The Conflation of Health and Fitness



By Myron Getman / 01.01.2013
Scientist
New York State Department of Health

conflate:  \kən-ˈflāt\, 1) to bring together, 2) to confuse

How often have you heard someone exclaim, “Boy are they fit”?  Perhaps you’ve heard people talk about how someone might be “diesel,” “built,” or “put together”?  Depending on where you live, there are countless slang terms for someone who, generally speaking, is lean and/or muscular.  What those terms are describing is a generic concept of physical fitness.  You might have interpreted this physical fitness as an indicator of someone’s health and you may be correct in this assumption most of the time but this is not always the case.  You see, fitness and health are two different things and, yes, it is possible to be physically fit but not healthy.

Broadly, “fitness” refers to an organism or population of organisms’ ability to interact, survive and reproduce in a given environment.  When applied to sports and exercise, this concept is altered to indicate how effectively one’s body had adapted to the increased or specialized physical activity.  So, someone who is “physically fit” has a physique that has developed in response to the demands of their exercise and lifestyle.  Consequently, it is possible to have a continual spectrum of people who are physically fit that runs from marathon runners — (who are often extremely lean and wiry) to sumo wrestlers (who can be extremely obese and strong).  Both are well adapted and, therefore, physically fit for their respective sports but are they healthy?

Health is a combination of multiple factors.  Physical health includes many things related to muscular strength, cardiovascular fitness, as well as neurological fitness — not to mention genetic make-up.  Of course there are endocrine and other factors that go into consideration and, often overlooked and not easily communicated through glossy magazines, mental health and lifestyle choices.  In order to assess health, a skilled and reputable physician will examine these and other factors to determine someone’s health.  You’ll notice that physical fitness is only a portion of what is taken into consideration.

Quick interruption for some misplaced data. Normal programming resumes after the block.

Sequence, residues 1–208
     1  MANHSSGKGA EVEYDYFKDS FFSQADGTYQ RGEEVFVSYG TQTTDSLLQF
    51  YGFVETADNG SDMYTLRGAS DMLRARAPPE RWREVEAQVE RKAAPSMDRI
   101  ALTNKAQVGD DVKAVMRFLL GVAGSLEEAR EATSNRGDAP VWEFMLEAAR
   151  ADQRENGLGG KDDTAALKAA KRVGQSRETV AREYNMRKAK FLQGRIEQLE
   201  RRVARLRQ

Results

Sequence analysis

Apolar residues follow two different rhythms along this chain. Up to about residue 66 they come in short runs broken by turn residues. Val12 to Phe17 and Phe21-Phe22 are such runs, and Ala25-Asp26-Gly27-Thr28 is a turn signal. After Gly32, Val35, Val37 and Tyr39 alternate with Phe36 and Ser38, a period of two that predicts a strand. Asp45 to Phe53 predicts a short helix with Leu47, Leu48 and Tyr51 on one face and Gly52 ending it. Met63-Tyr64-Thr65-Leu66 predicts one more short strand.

So, it is possible for a marathon runner, body builder, or sumo wrestler and everyone in-between to be unhealthy.  For example, there is evidence that marathon runners exhibit symptoms similar to those of heart attack victims within 24 hours of running a race — potentially putting them at risk of a heart attack.  A body builder may choose to use anabolic steroids to develop the physique that may give them an advantage over their competitors — thereby potentially doing permanent damage to about every system in their body.  Sumo wrestlers are often obese and it is unlikely they get enough cardiovascular exercise.  As I’ve highlighted before, muscular strength and mass do not replace or equate to a healthy cardiovascular system.  Any one of our examples might drive drunk or engage in other risky behaviors that would would never be considered healthy.

Do you want to improve your health?  See your doctor — it’s their job to help you improve your health.  Talk to them and decide what you need to improve.  Speaking as someone who suffers from hypertension and who knows of physically fit people who have suffered heart attacks and who have died from drug overdoses, I can honestly tell you that you can not really assess a person’s health just by looking at them.  Just because some svelte hottie is strutting their stuff doesn’t mean they’re actually healthy nor should you think that, because you don’t look like someone in a magazine, you aren’t.  Being fit and being healthy are different but related concepts.  Just remember not to judge the book by it’s cover or the person by the body.

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